GORE IN THE STORE

REVIEW INDEX

MIDNIGHT ****

Directed by Kwon Oh-Seung.
Starring Jin Ki-Joo, Wi Ha-Joon, Park Hoon, Kim Hye-Yoon, Gil Hae-yeon.
South Korea 2021 103 mins. Certificate: 15


Released by Eureka on Blu-ray on 14th March, 2022

 

In the assured hands of feature debut writer-director Kwon Oh-Seung, the generically titled MIDNIGHT is far more than the sum of its parts. Handicapped women in peril have been a staple of cinematic thrillers for almost as long as cinema itself, from the film noir-infused shadowy menace of Robert Siodmak’s THE SPIRAL STAIRCASE (1946) to the young Jennifer Jason Leigh’s blind / deaf-mute protagonist in slasher-era shocker EYES OF A STRANGER (1981). The set-up here appears entirely routine: sweet, deaf call centre worker Kim Kyung-Mi (Jin Ki-joo) endures an evening of terror courtesy of manipulative, sadistic serial killer Do-Sik (Wi Ha-joon, best known as Hwang in Netflix’s THE SQUID GAME). The execution, however, is transformative: Oh-Seung’s taut direction, Cha Taek-gyun’s sleek cinematography and Hwang Sang-jun’s relentless score combine to make for a nerve-wracking experience.

 

The prologue offers a glimpse of the Do-Sik’s brutal rampage: abducting a young woman who misses her city taxi and then dialling 911 so he can blame three “foreign workers” for her murder. Our introduction to the appealing Kim, in her role as sign language counsellor, shows her routinely insulted during consultations with clients and patronised / leched over by male co-workers (“She can’t hear anyway”). Oh-Seung offers a highly empathetic depiction of her plight even before she is terrorised by Do-Sik, but also captures her spirit and character – including the darkly inventive ways she finds to mock her colleagues using the language they’re too ignorant to understand. Kim is unfortunate enough to be in the wrong place at the wrong time, running into one of Do-Sik’s female victims (Kim Hye-yoon), begging her for help while her security officer older brother (Park Hoon) frantically tries to locate her.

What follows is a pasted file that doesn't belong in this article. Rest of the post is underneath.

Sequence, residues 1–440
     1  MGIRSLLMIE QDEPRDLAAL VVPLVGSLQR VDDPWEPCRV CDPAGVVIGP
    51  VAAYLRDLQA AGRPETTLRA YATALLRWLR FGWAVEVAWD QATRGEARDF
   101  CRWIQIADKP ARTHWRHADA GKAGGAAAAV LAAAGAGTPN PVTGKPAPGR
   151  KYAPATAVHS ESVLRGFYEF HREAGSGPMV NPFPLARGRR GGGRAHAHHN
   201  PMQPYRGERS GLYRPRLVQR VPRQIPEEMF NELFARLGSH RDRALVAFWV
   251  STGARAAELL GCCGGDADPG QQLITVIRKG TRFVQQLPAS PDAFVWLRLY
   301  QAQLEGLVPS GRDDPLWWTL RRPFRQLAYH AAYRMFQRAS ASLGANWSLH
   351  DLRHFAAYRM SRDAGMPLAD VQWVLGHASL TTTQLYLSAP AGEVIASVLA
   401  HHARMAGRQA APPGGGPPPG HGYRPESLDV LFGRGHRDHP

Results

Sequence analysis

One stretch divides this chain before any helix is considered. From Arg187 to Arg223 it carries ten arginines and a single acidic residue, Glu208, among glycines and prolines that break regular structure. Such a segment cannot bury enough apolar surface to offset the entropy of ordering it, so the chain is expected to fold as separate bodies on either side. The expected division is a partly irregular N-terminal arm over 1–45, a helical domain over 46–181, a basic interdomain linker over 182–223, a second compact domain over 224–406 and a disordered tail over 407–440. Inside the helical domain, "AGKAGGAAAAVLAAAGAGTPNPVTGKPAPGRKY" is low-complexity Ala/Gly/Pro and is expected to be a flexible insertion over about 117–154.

What follows is a gripping exercise in sustained suspense as our plucky heroine overcomes communication barriers to stay alive while outwitting the fast-moving, cruelly laughing, axe-wielding killer. The two leads engaged in this extended cat-and-mouse battle are superb, though there are poignant, authentic supporting performances too – notably Gil Hae-yeon as Kim’s mother. The tension escalates during a long, frustrating police station sequence that captures the protagonist’s general plight in society while the scenario threatens to spill over into violence at any point.

 

MIDNIGHT wrongfoots the audience with misdirection and false “rescues” while canny framing and disorientating sound design (note the pivotal use of an alarm clock) conspire to create a consistently unpredictable experience – and a suitably alienating portrait of a modern city. We’ve seen excellent South Korean serial killers before, and the sub-genre was played out and hackneyed in American cinema long before second-rate Thomas Harris knock-offs like THE BONE COLLECTOR emerged, but this somehow makes the subject matter fresh and surprising – while also understanding the impact of discretion when it comes to onscreen brutality. There’s barely any graphic violence in MIDNIGHT, but every physical or psychological blow to Kim hurts more than a literal axe to the face in any number of other bodycount movies.

 

Eureka’s release of this 2021 international festival hit has handsome, menacing Gregory Sacre artwork on its O card slipcase, a typically engaging audio commentary by Kat Ellinger, a perceptive walk through of Korean horror by Travis Crawford and a booklet featuring the ever-absorbing work of Alexandra Heller-Nicholas.

 

Steven West.

 

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